Software product development company RevUnit may be happily based in the South, but recently it’s been seeking its fortune out west.
In late April, the Bentonville, Ark.-based company acquired Teamvvork (pronounced “teamwork”), a Las Vegas-based digital marketing agency that served big-name clients like Steve Madden and Allegiant Air.
The deal came as something of a surprise to those who remember RevUnit CEO Joe Saumweber telling Arkansas Business back in 2013 that his company was targeting Dallas and St. Louis as high-growth markets. But Saumweber can explain: In 2014, after RevUnit acquired the Las Vegas-based firm SmashMetrics, one of the principals there, Seth Waite, took on the role of chief growth officer for RevUnit. Hence, when your chief growth officer lives and works in Las Vegas, opportunities for growth tend to present themselves there.
“We still have strong commitments in St. Louis and Dallas, but Vegas has become a big potential market for us,” says Saumweber. “We love its proximity to the west coast—as people get priced out of those markets, they tend to move in. Zappos, for instance, has their headquarters there. That’s just the kind of company we look to serve.”
Founded in September 2012, the brainchild of Saumweber and Michael Paladino, RevUnit specializes in “workplace transformation,” that is, creating custom software for front-line employees of national and multinational companies, many of which are headquartered in the South or not far outside: Virgin Hotels (Miami), AutoZone (Memphis), Mary Kay Cosmetics (Addison, Texas), Purina (St. Louis), and its Bentonville neighbor, Walmart.
The great opportunity in his line of work, Saumweber posits, is that so many employees’ digital experiences lag behind customers’ digital experience.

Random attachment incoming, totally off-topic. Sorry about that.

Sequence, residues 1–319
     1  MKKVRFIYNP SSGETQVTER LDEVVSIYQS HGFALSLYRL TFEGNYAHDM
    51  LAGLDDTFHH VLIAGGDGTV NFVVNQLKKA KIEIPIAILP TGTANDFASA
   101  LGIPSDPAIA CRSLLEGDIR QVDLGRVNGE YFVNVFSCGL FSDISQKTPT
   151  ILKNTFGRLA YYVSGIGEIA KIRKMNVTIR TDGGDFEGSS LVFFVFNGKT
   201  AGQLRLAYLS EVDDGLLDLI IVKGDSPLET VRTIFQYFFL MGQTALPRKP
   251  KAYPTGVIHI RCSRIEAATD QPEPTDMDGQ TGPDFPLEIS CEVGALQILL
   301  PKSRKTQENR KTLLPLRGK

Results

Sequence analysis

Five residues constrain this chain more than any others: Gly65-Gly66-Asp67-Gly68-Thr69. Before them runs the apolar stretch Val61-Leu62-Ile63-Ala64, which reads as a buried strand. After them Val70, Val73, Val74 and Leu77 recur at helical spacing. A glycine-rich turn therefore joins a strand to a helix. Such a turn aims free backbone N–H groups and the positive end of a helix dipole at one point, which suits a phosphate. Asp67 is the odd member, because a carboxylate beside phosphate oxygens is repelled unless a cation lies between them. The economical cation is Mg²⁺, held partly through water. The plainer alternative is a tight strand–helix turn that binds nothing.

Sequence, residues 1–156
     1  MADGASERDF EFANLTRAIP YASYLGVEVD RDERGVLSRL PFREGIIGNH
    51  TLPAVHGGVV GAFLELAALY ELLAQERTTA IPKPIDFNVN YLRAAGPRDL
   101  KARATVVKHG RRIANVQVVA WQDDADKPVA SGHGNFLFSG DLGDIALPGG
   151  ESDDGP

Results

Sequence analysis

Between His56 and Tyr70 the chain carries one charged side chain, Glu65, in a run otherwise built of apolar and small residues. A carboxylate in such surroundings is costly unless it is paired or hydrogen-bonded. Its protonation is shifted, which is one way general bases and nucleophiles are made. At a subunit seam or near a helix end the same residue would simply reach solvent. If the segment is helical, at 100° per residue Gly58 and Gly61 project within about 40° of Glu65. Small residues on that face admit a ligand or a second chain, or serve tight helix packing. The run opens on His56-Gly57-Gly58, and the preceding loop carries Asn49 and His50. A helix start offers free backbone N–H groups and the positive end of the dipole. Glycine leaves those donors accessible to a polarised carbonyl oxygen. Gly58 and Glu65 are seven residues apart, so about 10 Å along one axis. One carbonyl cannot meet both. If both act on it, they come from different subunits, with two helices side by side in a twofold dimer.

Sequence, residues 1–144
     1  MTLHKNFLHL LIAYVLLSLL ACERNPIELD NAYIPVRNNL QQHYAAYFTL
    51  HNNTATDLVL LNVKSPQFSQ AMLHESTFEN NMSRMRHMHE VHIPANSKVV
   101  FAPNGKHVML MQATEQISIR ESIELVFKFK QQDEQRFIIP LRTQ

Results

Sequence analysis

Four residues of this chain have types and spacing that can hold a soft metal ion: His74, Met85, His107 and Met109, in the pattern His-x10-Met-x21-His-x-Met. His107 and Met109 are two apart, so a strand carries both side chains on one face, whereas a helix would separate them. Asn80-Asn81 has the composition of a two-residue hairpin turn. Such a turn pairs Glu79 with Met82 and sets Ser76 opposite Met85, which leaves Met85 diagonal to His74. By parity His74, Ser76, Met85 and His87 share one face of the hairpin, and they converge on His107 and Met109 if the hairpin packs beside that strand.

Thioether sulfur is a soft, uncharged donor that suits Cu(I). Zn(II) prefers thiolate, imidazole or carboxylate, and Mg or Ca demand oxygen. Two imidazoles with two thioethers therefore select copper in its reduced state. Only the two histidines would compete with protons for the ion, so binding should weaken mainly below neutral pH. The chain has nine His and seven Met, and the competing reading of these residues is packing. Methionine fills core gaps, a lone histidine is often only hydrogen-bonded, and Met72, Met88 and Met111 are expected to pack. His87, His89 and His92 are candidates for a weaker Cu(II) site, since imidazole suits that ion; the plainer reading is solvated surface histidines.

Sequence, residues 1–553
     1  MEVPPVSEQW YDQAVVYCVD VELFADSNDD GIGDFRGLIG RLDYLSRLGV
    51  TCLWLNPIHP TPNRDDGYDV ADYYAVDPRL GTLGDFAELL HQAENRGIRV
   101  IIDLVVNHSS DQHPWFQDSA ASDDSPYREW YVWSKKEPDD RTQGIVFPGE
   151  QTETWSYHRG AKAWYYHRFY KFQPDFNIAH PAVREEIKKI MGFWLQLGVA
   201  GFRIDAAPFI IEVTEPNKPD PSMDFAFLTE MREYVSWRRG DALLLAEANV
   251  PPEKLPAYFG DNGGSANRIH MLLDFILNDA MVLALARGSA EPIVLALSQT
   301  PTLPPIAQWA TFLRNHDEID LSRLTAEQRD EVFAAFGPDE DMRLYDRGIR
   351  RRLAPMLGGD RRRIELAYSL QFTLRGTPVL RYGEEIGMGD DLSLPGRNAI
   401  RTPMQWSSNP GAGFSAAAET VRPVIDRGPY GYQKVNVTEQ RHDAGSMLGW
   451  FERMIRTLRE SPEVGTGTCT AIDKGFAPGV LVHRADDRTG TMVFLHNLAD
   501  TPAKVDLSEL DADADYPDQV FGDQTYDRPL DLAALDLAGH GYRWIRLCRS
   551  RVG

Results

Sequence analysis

“People have access to the best consumer digital experiences available when they search, shop or consider travel options,” he says. “But when they’re on the clock, this same population encounters tech that is easily eight to ten years behind the curve of their experiences as consumers. Interfaces are clunky, devices are low-performance, and the overall user experience is frustrating.”
The reason for the clunkiness is that, too often in the past, companies approached their software needs from an architectural standpoint: defining the structured solution that meets all the technical and operational requirements while optimizing performance and security. Getting everything to work, in other words. What set RevUnit apart is that they start from the point of usability.
“The first thing we do is gain empathy for those front-line employees who experience the software on a day-to-day basis,” Saumweber says. “It requires a lot of observation, talking with associates, shadowing. And we have to do that in multiple locations because it’s different market to market. Then it’s a few short days building a prototype of a solution so we can take it back to those same users to see how to make it better. Every organization is different, so solutions need to be customized. There’s no ‘off-the-shelf’ product.”
RevUnit also practices what it preaches, providing a positive culture for its 50-plus employees with twice yearly weeklong retreats and emotional intelligence training sessions, as well as an open feedback environment.
What’s especially exciting for Saumweber and Paladino—as well as RevUnit overall—is that this need for user-friendly software solutions cuts across so many industries.
“The fact is, the pace of technology is not going to slow down, so it’s incumbent upon us to build tech that is easier to adopt,” Saumweber says. “Transportation, healthcare, retail—every single industry is being touched by this right now. We operate across industries for that reason.
“We like to solve big, hairy problems for some of the world’s largest companies. And we’re good at what we do.”